General Motors to Build Two Bolt-based Crossovers, Considers the Data-mining Business

Matt Posky
by Matt Posky

General Motors CEO Mary Barra outlined the company’s vision of the future at the Barclays Global Automotive Conference in New York on Wednesday. While the majority of her speech adhered to GM’s current mantra of “zero crashes, zero emissions, and zero congestion,” we also got a taste of what that thinking might yield on a shorter timeline.

In early October, GM expressed its intention to launch 20 new electric vehicles by 2023. However, we didn’t get any specific details on the matter. That changed this week. Barra claims the manufacturer will introduce three new electric models by 2020, with two of them being crossovers. The trio will share share basic components with the Chevrolet Bolt.

These models will be followed by a new electric vehicle platform in 2021, with cheaper and more efficient battery cells. The EV architecture is intended to serve as a base for at least nine models — ranging from a massive seven-seat luxury SUV to a very compact crossover.

However, GM also speaks of “adjacent businesses.”

The automaker is sticking with plans to evolve its ride-sharing platform, Maven, and intends to make vehicle connectivity commonplace in all of its future models. Both projects provide varied revenue sources intended to make investors drool with anticipation. While Maven is supposed to reach a few major metropolitan areas over the next few years, car connectivity is likely to become ubiquitous sooner than later.

GM sees data acquisition as a huge financial opportunity. By launching 13 million connected cars over the several years, the company thinks it can accrue wealth through an in-car digital marketplace that sells apps and services. Afterward, it can collect driver data (purchasing choices, driving habits, etc.), sell it off to whoever wants it (including insurance companies), and potentially issue in-car advertisements — something it is already pursuing with help from IBM.

While I absolutely hate this idea, it makes smart business sense and could potentially make the manufacturer truckloads of money. It’s also one of the better ways to help field autonomous vehicles, which is another avenue GM is frantically looking to go down and has had some previous success with. Some experts have suggested self-driving cars won’t be totally effective until all cars possess a moderate level of interconnectedness, and General Motors seems to be in agreement.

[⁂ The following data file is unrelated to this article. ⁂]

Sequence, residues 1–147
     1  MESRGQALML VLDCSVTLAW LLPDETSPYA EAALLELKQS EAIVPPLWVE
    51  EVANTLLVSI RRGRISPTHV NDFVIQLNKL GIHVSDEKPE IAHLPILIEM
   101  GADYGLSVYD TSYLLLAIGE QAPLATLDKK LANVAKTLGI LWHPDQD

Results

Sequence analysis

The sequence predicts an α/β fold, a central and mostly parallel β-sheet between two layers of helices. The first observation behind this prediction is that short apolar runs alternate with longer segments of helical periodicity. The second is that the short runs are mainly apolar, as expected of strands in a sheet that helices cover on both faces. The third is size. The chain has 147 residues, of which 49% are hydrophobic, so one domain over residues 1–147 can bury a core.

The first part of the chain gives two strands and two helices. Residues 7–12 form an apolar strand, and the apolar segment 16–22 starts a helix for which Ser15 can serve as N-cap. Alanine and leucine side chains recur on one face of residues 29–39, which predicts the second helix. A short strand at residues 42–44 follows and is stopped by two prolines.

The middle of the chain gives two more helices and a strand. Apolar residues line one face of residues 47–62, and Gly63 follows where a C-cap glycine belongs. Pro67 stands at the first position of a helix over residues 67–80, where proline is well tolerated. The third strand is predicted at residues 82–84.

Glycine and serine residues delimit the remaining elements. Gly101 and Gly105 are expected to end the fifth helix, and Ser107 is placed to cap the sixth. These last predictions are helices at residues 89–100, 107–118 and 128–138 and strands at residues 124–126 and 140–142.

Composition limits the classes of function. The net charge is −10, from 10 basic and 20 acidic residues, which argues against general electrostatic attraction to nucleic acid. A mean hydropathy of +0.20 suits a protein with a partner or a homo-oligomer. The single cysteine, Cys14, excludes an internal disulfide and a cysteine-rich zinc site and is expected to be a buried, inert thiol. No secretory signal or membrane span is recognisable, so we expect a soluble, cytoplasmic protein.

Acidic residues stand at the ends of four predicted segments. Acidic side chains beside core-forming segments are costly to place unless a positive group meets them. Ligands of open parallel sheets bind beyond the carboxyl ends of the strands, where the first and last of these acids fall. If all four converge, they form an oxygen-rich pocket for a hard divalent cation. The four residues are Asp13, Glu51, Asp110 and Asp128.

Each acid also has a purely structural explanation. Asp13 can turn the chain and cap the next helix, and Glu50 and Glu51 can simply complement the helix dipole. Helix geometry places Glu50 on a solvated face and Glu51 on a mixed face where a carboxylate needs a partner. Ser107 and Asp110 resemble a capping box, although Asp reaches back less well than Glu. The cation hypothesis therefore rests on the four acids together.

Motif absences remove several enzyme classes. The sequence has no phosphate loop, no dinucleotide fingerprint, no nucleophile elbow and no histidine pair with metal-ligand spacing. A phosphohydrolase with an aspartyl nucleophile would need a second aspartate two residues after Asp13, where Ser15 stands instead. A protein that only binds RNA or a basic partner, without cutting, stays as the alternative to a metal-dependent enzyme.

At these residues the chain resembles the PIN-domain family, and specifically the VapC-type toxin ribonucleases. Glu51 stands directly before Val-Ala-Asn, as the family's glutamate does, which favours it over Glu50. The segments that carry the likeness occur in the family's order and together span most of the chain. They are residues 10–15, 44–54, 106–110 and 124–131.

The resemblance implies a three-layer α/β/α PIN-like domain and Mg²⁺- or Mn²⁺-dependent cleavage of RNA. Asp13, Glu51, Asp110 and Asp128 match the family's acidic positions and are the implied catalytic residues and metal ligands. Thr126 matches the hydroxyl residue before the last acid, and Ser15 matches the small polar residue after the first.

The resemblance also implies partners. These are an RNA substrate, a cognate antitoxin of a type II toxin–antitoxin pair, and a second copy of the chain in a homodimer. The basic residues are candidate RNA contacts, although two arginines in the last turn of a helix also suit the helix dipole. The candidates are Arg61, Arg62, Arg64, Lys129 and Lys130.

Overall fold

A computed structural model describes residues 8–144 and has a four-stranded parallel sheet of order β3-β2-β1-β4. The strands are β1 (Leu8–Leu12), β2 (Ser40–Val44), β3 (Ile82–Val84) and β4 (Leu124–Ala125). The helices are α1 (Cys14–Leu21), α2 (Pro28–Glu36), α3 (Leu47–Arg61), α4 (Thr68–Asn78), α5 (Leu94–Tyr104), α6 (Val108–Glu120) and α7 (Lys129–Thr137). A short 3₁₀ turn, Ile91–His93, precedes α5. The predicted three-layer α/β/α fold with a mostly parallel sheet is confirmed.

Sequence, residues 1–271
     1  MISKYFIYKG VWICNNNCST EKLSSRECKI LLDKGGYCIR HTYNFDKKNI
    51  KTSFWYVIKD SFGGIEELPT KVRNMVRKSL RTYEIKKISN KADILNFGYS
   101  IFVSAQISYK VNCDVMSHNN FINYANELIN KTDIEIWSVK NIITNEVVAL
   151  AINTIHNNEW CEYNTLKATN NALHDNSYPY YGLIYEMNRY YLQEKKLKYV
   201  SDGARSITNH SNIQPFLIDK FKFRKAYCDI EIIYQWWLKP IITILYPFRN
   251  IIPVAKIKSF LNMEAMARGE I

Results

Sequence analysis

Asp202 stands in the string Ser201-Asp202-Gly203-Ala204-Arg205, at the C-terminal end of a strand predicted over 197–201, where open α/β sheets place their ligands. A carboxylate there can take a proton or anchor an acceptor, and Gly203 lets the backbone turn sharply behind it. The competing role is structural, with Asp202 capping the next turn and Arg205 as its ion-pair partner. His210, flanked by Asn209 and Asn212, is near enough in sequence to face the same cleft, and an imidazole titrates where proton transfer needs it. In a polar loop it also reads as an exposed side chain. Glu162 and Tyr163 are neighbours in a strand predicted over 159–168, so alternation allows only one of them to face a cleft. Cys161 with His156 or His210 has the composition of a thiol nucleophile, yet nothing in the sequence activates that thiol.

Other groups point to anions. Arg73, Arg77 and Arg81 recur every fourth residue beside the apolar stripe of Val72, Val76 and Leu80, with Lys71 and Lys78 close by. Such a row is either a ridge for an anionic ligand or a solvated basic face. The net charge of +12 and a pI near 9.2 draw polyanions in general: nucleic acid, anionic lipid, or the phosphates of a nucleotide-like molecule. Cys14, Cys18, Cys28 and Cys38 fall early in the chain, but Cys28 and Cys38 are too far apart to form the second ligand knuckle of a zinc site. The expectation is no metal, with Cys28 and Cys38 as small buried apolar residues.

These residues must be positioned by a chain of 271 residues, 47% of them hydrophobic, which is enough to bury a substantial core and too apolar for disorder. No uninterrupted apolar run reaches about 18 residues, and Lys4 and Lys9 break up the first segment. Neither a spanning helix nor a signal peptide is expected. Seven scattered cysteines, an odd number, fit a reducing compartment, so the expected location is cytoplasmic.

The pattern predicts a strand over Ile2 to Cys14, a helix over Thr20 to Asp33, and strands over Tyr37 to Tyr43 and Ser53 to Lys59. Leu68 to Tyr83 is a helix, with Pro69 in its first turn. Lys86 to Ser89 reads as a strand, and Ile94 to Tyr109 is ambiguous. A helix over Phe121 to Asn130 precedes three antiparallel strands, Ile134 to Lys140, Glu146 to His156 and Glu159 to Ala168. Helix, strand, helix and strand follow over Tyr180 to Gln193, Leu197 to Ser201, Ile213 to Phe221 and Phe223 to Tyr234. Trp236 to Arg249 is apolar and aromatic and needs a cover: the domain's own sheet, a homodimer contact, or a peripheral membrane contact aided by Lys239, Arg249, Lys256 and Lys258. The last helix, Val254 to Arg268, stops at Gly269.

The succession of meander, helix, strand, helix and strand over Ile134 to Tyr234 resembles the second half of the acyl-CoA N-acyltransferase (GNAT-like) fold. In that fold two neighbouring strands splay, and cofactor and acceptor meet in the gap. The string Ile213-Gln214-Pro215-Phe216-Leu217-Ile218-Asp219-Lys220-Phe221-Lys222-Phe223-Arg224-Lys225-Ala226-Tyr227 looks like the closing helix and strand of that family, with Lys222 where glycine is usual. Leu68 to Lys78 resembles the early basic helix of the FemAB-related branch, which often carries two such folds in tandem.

As the context of the meeting was to entice investors, we have to take everything stretching beyond the next five years with a grain of salt. However, even though Barra didn’t say so explicitly, GM does appear to be shifting its focus toward mobility — streamlining its core business to advance future technologies.

[Source: Reuters] [Image: General Motors]

Matt Posky
Matt Posky

A staunch consumer advocate tracking industry trends and regulation. Before joining TTAC, Matt spent a decade working for marketing and research firms based in NYC. Clients included several of the world’s largest automakers, global tire brands, and aftermarket part suppliers. Dissatisfied with the corporate world and resentful of having to wear suits everyday, he pivoted to writing about cars. Since then, that man has become an ardent supporter of the right-to-repair movement, been interviewed on the auto industry by national radio broadcasts, driven more rental cars than anyone ever should, participated in amateur rallying events, and received the requisite minimum training as sanctioned by the SCCA. Handy with a wrench, Matt grew up surrounded by Detroit auto workers and managed to get a pizza delivery job before he was legally eligible. He later found himself driving box trucks through Manhattan, guaranteeing future sympathy for actual truckers. He continues to conduct research pertaining to the automotive sector as an independent contractor and has since moved back to his native Michigan, closer to where the cars are born. A contrarian, Matt claims to prefer understeer — stating that front and all-wheel drive vehicles cater best to his driving style.

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  • Cognoscenti Cognoscenti on Nov 16, 2017

    An EV crossover is clearly needed. You can't cry "Midsize sedan deathwatch!" in one sentence and then "GM will fail if they make an EV CUV!" in the next. You just end up sounding like a shill for other carmakers.

  • Dukeisduke Dukeisduke on Nov 16, 2017

    The Colt and the Dolt?

  • 3-On-The-Tree Lou_BCsame here I grew up on 2-stroke dirt bikes had a 1985 Yamaha IT200 2-strokes then a 1977 Suzuki GT750 2-stroke 750 streetike fast forward to 2002 as a young flight school Lieutenant I bought a 2002 suzuki Hayabusa 1300 up in Huntsville Alabama. Still have that bike.
  • Milton Rented one for about a month. Very solid EV. Not as fun as my Polestar, but for a go to family car, solid. Practical EV ownership is only made possible with a home charger.
  • J Love mine, but the steering wheel blocks dashboard a bit, can't see turn signals nor headlights icons. They could use the upper corners of the screen for the turn signals. Mileage is much lower than shown too, disappointing
  • Aja8888 NO!
  • OrpheusSail I once did. My first four cars were American made, and through an odd set of circumstances surrounding a divorce, I wound up with a '95 Nissan Maxima which was fourteen years old and had about 150,000 miles on it.It was drove better, had an amazing engine, and was more reliable than any of my American cars. This included a new '95 GMC pickup that went through five alternators in under two years while the dealership insisted that there was no underlying electrical problem while they tried to run the clock on the warranty.That was the end of 'buy American'. I've bought from Honda and VW since, and I'll consider just about anything except American now.